Nothing would have disappointed and offended Mrs. Elizabeth Cowledge more than the knowledge that some people in Valley Falls found her ongoing efforts at humanitarianism and benefaction a bit snobbish and condescending. The Butterfly Collector was not necessarily among them of course but then he had a way of seeing things from multiple perspectives, ever the devil’s advocate. He and Mrs. Cowledge, or Beth as he called her sometimes were about the same age but on the surface that’s where the similarities ended. She was the great-granddaughter of the town’s most famous citizen, and for the most part its chief architect and founder, Ulysses J. Barley. She traced a fine lineage of upstanding citizens and pillars of the community through a well-pruned family tree right to the hearth of her beautiful fourth-generation, Victorian home at the corner of Main St. and Huron Lane. She lived there alone and as far as anyone could remember always had since her parents had died in a tragic car accident in 1959 on their way to a business trip to Manhattan.
Her uncle, Huff Browning had been the president of the local branch of the Upper Hudson Savings and Loan and a member of the Board of Trustees at the Valley Falls Memorial Hospital. The pennywise, balance sheet world of municipal finance was of no interest to the young, high-minded Beth Cowledge… but the hospital offered her an opportunity which was to shape and redirect her own life after the loss of her parents as well as the lives of many other young women, decidedly for the better. She had then almost single-handedly created a school of nursing at Valley Falls Memorial and had helped graduate countless capable and enthusiastic nurses into the medical profession beginning in 1962, despite having no background or training in medicine herself. Huff recommended her for his replacement on the hospital board when his own health concerns began to demand his greater attention and she found in the politics of small town hospital administration a certain kind of calling. Of course where there were gaps or oversights in the budget of the hospital’s day to day maintenance, she was all too willing to quietly write a check from her own account. This happened more than anyone could have imagined and there were only a few people who took particular note. Most of Valley Falls assumed that the state of New York in its infinite wisdom made their constant medical shortcomings go away magically and only Beth Cowledge’s personal accountant knew the full story.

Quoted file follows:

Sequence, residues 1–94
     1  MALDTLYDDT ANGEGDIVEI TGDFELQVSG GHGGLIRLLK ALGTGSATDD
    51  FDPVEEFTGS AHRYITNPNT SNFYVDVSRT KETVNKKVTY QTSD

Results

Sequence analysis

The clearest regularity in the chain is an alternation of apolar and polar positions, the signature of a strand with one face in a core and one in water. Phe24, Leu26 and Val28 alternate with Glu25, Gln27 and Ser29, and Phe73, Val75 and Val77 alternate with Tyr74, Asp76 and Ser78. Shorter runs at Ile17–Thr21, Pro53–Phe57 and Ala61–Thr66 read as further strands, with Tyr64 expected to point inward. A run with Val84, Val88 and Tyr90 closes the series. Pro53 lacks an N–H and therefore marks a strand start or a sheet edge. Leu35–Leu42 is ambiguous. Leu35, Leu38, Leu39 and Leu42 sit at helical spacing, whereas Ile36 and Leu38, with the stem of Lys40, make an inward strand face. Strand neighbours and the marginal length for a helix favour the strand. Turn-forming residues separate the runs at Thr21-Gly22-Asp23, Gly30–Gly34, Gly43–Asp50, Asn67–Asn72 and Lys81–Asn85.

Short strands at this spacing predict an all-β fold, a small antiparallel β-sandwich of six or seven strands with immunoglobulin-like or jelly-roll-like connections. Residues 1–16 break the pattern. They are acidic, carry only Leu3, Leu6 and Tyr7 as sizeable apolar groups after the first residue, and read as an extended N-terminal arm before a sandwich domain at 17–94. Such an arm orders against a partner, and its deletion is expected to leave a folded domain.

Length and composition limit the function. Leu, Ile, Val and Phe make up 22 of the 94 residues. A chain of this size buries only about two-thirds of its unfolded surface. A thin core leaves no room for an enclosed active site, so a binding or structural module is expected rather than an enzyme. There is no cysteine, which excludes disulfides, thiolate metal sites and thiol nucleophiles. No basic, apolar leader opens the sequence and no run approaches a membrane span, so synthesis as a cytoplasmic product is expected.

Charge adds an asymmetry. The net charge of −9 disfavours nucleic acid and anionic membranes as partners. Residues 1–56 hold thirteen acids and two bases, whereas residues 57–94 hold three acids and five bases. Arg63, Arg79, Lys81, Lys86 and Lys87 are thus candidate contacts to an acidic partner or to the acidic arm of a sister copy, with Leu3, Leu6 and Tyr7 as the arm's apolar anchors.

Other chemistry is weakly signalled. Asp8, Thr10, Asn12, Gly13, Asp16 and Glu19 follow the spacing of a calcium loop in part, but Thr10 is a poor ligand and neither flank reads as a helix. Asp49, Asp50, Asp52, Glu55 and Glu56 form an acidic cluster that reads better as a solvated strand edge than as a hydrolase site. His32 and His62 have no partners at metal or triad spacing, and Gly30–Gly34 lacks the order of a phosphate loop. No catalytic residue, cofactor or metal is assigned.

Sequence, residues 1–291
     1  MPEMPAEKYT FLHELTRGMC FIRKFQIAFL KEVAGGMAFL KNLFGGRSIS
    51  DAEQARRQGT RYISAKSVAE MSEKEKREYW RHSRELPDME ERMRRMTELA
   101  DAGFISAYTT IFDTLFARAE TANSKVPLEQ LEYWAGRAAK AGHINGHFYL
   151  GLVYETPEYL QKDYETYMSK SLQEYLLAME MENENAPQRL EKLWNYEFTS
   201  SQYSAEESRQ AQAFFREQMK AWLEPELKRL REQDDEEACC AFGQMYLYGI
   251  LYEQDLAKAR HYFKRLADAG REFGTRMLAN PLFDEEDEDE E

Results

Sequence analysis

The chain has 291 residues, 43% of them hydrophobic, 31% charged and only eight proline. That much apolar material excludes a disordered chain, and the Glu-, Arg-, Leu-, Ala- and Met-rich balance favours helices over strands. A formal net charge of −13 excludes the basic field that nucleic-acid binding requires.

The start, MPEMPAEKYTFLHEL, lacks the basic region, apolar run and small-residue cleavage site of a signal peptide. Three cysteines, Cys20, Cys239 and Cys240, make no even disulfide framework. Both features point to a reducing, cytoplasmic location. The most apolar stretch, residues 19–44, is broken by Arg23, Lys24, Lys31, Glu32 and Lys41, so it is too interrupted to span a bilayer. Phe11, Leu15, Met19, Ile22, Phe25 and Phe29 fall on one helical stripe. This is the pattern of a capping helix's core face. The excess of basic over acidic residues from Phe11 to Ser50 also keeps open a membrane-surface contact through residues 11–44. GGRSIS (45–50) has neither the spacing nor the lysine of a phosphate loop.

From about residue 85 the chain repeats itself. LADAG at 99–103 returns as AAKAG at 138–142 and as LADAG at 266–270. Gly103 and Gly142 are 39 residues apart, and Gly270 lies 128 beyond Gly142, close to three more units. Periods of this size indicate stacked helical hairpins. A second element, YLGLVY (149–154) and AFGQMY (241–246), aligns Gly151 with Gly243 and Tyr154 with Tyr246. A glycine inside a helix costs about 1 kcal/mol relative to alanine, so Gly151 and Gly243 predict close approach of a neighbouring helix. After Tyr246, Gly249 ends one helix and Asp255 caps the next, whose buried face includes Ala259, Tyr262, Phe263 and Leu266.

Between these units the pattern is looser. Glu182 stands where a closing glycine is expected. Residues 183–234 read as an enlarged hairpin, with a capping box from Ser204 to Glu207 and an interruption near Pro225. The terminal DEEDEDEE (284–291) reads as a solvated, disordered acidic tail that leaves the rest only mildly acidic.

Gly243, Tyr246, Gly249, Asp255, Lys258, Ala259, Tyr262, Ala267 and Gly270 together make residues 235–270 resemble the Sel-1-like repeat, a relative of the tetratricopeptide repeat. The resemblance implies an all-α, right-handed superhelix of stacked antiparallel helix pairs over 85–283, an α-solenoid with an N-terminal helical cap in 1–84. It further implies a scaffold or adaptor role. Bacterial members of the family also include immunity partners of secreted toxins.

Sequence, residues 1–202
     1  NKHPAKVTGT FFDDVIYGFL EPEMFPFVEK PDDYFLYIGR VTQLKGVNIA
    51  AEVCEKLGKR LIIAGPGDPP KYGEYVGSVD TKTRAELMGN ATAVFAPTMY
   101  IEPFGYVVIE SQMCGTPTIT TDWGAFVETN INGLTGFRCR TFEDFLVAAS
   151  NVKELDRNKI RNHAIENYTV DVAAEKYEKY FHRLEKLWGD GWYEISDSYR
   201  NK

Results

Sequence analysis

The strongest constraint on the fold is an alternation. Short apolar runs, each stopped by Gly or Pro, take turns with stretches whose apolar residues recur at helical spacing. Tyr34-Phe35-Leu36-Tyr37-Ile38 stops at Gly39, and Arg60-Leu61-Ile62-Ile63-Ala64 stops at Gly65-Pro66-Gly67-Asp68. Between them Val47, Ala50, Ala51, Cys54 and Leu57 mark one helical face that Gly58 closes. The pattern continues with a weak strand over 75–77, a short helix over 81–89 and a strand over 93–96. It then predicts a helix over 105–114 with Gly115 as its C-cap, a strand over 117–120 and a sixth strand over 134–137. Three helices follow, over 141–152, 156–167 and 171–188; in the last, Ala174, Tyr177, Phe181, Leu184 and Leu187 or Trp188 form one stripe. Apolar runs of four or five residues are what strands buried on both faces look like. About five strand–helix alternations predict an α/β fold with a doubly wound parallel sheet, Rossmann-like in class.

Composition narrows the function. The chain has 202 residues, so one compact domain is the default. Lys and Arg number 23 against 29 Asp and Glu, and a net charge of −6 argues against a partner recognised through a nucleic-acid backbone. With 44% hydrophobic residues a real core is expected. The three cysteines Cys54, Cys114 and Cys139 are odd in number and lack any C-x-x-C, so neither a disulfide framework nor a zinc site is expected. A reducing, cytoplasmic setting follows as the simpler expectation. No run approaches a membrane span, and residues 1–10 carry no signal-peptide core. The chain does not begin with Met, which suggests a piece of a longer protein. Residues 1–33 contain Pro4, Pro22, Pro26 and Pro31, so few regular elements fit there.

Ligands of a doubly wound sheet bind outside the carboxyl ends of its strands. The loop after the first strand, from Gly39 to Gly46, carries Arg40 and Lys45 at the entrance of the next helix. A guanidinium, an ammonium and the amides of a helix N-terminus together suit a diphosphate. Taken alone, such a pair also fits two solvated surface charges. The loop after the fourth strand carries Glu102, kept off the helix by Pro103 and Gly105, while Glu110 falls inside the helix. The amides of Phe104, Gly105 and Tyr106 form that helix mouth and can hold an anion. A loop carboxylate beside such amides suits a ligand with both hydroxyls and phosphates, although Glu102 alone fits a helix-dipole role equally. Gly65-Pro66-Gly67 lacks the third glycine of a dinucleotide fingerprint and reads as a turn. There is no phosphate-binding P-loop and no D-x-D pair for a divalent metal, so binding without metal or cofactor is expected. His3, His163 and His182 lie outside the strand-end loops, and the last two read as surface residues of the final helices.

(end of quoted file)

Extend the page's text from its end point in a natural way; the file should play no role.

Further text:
It was not until the hospital closed its doors in 1997 and fell into receivership that Beth Cowledge realized she could not carry the burden of an insolvent hospital on her ageing shoulders any longer. The building was shuttered, the grounds closed by order of the local police department and the whole sad affair was put to auction. Valley Falls’ only hospital and chief employer was simply gone after 70 years of serving the community. Then, after nearly 10 years of descending rung by desperate rung a sad, vicious chain of bottom-feeding, greedy real-estate speculators, the hospital was purchased by an upstate land trust corporation. Long after the stripping and sale of every bit of medical equipment, filing cabinets, beds, desks, chairs, light fixtures, flagstones and copper wiring, the new owners were presented with a problem. What now? What to do with the poor old derelict hulk perched on the crest of Memorial Hill and falling steadily into disrepair with the passing of every unforgiving, harsh upstate winter.
Mrs. Elizabeth Cowledge met formally and informally with practically everyone who had had ever had anything to do with the once great hospital, including its former chief surgeon, the Butterfly Collector but to no avail. Finally, as a favor to its new owners she organized a town meeting. “What To Do With Valley Falls Memorial Hospital” was the headline on the flyers that circulated town leading up to the meeting. The rumor mill could hardly have outpaced the actual reality of what was happening by that point and the rumor mill in Valley Falls was a full tilt, 24 hour, 3-shift factory of unrestricted cruelty of imagination.
A web site was commissioned for the express purpose of pitching the hospital and its grounds to movie makers looking for a potential set for a sci-fi thriller. “A haunted insane asylum just waiting for the magic of Hollywood“ read the copy in red Helvetica html. How the creative minds behind that idea dismissed the less respectable genres of pornography, low-budget slasher, zombie apocalypse, paintball and laser tag was never fully explained. Mrs. Cowledge was nearly at her wit’s end when she a simple phone call to her first floor home office brought her in from tending her roses. It was a Thursday, the 18th of June. A warm day, but the deep rich southern-inflected voice on the other end of the crackly line warmed her more than the very spring sun itself. Something impossible to hope for was about to happen.